Nathalie Dupree is the award-winning author of New Southern Cooking and several other cookbooks. She lives in Charleston and is the founding chairman of the Charleston Wine and Food Festival.
New restaurants are opening in Charleston like mad. I’ve never seen a town flowing with such enthusiasm for food. The amazing thing is that the older restaurants are more than holding their own. Also, we don’t have many huge restaurants with large crowds, so the food is more individuated.
The Ordinary is a new one by the James Beard Award winners at FIG. It’s in an old bank building with high ceilings, and it has really wonderful oysters and seafood. Edmund’s Oast has a lovely grouper that’s served with a variety of fresh peas and ham hock, and seasoned with fennel, cumin, and coriander to give it a Moroccan flavor. I also like SNOB (Slightly North of Broad), which has a nice bistro ambience. They don’t do anything too far out, but it’s all New Southern and fresh, and the chef is a leader in Charleston cuisine. And Hominy Grill is one of my very favorite restaurants. It’s a James Beard winner, but it’s a very easygoing restaurant with wonderful seafood and down-home food done in a sophisticated way.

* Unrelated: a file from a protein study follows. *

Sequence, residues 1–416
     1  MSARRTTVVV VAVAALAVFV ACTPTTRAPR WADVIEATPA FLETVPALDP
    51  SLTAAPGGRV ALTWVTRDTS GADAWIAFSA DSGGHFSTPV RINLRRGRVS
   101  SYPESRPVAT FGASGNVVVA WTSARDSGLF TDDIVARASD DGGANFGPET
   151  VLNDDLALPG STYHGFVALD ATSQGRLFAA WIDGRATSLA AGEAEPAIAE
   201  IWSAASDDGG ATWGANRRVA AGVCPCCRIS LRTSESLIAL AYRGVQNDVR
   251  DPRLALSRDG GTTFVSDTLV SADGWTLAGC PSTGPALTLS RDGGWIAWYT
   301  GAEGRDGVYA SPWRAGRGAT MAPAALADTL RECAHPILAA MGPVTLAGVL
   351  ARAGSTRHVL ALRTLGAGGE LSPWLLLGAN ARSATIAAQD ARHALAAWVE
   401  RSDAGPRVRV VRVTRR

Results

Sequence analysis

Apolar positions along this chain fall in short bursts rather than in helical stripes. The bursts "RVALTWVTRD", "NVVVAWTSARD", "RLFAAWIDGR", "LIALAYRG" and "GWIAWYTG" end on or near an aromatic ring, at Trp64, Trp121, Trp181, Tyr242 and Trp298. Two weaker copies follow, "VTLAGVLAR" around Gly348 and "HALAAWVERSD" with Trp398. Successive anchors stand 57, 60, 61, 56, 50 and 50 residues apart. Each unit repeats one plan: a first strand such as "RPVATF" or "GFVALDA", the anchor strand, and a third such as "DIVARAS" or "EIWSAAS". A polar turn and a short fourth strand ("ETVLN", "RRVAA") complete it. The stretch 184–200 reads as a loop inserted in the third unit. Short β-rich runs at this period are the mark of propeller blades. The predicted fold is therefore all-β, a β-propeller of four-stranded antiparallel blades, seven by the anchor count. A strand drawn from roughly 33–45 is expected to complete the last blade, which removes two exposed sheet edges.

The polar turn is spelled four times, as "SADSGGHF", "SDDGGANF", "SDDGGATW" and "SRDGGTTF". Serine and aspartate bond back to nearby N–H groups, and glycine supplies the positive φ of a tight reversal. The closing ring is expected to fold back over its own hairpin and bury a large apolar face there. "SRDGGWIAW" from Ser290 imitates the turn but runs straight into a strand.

Charleston Grill has some of the best food in the city as well as the best jazz. There is nothing better than eating a crab cake in the bar area and listening to jazz.
As the founding chairman I’m biased, but I think the Charleston Wine and Food Festival has positioned us as a food town and enhanced the reputation of the city.
Among Charleston’s historical sites, Drayton Hall is a fine example of Palladian architecture and has worked at bringing to light the role of slaves in the plantation. Middleton Place has regular showings of planting and reaping rice, and has a furnished home worth touring.
—As told to Ian Palmer